Is your eye irritated and turning pink? Do you have a lot of discharge gumming up your lashes? You may have conjunctivitis, more commonly known as pink eye. Learn when to make an urgent care appointment to take care of this common problem.
Pink eye, also known as conjunctivitis, is an infection of the thin, clear tissue that covers the white part of your eye and lines the inside of your eyelids. The eye’s blood vessels become inflamed, turning the white part pink — hence the name — and you may have a lot of discharge.
Depending on what causes the infection, pink eye may be highly contagious. However, it’s usually not serious and is unlikely to damage your vision, especially if you follow your doctor’s instructions and treat it quickly.
At Medinet Family Care Clinic in Houston and Sugar Land, Texas, Dr. Bharat Gandhi and Dr. Priya Gandhi, as well as the urgent care team, are extremely familiar with pink eye and its manifestations. They’ve put together this informative guide so you’ll recognize the symptoms and know when it’s time to schedule an urgent care appointment to get treatment.
There are three main causes of pink eye:
Viral conjunctivitis is the most common type of pink eye, and it’s usually caused by the same virus that triggers the sore throat and runny nose of the common cold. Viral conjunctivitis can affect one or both eyes and it’s highly contagious.
Bacterial conjunctivitis usually produces gobs of sticky pus in the eye in addition to the pink color of the conjunctiva, though some infections may cause almost no discharge. It’s also not uncommon for the bacterium responsible to be the same one that causes strep throat. Bacterial conjunctivitis is also highly contagious.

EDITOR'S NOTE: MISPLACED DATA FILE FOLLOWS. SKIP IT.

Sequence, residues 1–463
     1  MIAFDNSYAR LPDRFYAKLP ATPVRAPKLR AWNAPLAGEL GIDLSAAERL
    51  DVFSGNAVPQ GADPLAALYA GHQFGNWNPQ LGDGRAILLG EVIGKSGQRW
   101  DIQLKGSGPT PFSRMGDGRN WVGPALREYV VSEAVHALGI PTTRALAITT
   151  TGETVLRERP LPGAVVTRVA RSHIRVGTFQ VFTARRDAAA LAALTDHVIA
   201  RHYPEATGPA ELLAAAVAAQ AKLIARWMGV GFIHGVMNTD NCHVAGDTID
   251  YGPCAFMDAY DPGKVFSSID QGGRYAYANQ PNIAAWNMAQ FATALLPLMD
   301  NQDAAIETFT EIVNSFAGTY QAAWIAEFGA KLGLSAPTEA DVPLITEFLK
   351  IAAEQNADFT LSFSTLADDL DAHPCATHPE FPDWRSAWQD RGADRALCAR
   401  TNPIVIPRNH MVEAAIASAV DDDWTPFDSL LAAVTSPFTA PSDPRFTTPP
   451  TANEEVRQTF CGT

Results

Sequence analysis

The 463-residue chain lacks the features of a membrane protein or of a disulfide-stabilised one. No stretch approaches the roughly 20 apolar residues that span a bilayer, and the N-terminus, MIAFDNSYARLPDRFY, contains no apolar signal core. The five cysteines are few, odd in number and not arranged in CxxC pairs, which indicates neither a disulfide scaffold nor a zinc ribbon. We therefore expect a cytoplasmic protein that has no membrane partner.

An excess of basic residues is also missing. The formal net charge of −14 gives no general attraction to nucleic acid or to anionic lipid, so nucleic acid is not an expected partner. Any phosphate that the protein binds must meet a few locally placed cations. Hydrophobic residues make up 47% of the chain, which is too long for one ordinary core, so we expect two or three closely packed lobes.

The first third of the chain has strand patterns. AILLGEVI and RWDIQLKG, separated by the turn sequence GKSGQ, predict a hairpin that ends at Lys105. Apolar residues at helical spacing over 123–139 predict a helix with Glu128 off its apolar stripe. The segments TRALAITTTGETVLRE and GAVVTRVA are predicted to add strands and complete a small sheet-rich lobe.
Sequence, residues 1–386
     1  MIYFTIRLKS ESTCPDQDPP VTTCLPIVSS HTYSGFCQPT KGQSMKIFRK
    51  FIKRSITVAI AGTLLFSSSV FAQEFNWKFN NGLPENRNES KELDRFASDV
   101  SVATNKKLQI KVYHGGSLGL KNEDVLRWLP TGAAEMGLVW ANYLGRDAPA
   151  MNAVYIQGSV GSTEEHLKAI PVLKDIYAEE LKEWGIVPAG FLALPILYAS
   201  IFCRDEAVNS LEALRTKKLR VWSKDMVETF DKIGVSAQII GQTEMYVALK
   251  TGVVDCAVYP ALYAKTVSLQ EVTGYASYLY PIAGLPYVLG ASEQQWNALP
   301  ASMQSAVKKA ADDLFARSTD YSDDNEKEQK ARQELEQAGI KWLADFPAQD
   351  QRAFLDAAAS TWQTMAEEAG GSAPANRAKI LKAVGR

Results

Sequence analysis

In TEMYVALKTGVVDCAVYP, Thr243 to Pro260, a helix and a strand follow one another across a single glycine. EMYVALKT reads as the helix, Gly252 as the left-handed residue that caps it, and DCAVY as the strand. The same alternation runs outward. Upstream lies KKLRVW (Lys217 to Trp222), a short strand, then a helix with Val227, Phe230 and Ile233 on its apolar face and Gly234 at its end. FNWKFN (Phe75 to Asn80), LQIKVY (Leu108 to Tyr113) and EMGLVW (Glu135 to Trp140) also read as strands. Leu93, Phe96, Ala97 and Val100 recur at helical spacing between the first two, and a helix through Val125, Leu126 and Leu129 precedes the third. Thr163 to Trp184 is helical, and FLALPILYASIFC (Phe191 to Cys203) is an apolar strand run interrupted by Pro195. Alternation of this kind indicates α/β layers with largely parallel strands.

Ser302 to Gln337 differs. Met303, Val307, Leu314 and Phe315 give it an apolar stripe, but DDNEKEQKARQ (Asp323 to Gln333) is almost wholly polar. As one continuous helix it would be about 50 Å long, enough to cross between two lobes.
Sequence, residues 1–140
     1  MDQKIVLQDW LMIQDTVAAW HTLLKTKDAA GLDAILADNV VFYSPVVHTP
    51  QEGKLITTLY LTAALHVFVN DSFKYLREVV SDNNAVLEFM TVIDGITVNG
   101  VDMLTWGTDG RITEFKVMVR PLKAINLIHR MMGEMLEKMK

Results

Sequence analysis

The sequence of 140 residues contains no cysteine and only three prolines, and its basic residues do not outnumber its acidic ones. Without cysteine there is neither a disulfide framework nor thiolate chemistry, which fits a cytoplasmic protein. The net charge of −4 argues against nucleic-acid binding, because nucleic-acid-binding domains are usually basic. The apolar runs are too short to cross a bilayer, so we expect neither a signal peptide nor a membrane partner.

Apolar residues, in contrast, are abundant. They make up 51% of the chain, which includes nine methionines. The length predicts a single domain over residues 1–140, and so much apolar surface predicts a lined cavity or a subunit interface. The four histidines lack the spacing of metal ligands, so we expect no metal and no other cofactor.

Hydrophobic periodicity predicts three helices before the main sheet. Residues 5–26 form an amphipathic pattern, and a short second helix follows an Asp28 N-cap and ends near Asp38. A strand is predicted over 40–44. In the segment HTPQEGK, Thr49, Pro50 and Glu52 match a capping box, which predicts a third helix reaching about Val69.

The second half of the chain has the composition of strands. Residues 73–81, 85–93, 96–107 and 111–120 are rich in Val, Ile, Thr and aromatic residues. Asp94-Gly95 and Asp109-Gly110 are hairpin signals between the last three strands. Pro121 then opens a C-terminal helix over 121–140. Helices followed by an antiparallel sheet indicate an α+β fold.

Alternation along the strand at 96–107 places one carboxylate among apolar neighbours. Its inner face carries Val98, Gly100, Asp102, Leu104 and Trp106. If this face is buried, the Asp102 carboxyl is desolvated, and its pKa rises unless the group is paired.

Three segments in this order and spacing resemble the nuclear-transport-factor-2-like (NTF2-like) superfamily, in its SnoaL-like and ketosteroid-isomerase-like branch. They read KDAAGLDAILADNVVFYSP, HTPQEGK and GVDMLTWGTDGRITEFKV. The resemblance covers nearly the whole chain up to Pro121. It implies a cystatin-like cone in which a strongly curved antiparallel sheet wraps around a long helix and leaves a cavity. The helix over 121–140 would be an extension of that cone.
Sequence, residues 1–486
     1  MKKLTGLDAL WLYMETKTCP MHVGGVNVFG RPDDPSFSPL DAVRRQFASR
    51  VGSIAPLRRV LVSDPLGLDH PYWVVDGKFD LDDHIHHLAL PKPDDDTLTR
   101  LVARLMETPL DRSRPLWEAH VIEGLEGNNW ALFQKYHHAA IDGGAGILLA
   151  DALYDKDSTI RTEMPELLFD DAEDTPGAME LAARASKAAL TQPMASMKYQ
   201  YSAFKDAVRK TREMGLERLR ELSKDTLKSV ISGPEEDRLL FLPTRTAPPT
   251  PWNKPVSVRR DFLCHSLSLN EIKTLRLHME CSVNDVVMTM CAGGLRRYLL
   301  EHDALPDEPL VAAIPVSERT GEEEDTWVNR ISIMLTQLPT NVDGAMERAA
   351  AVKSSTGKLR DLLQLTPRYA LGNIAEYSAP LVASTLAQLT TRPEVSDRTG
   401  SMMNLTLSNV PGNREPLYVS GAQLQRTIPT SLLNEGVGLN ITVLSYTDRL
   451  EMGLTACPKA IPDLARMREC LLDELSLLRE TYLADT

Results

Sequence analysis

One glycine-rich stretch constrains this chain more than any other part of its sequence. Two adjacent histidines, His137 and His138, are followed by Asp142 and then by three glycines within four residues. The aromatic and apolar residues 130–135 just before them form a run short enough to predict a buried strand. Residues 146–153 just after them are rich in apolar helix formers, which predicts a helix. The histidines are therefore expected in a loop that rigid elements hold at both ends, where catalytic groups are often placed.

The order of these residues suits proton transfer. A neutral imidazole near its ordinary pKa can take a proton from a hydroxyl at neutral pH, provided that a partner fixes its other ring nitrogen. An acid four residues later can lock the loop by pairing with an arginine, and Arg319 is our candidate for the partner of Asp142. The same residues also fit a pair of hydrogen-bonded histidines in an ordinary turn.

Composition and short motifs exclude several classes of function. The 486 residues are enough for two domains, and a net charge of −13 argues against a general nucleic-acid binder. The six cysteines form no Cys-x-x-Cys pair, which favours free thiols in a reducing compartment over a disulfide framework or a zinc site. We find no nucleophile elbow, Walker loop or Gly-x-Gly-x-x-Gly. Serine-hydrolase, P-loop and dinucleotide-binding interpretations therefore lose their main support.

Allergic conjunctivitis is not contagious. It’s caused when your eye produces an allergic response to a certain substance, like pollen, animal dander, chlorine, cigarette smoke, and a host of other things. Its main symptom is itchy eyes, but your eyelids may also become puffy and your eyes can burn, tear up, or turn red.
The most common ways to spread the viral or bacterial forms of pink eye include:
The exact symptoms of pink eye depend on the form you have, but they may include:
In the case of bacterial conjunctivitis, you’ll usually have thick globs of mucus, pus, or a yellow discharge from your eye. The mucus typically crusts over on your eyelashes when you sleep and you may have to pry your eyes open in the morning with a warm, wet washcloth.
While some cases of pink eye may resolve on their own, we recommend that you schedule an urgent care appointment if you:
Your doctor will treat you accordingly once they diagnose the type of conjunctivitis you have and the severity of your symptoms.
In the case of viral conjunctivitis, there really is no treatment. You can take over-the-counter painkillers and use a cool washcloth across your eyes, but mostly you have to wait it out.
In the case of bacterial conjunctivitis, your doctor may prescribe antibiotic eye drops. For allergic conjunctivitis, your doctor may recommend artificial tears, but not the kind that’s used for red eyes. They’re too strong and you don’t want to irritate the eye further.
If you think you might have pink eye and aren’t sure what to do about it, your best bet is to make an urgent care appointment with Medinet Family Care Clinic. You can call us at either of our locations or book online at your convenience.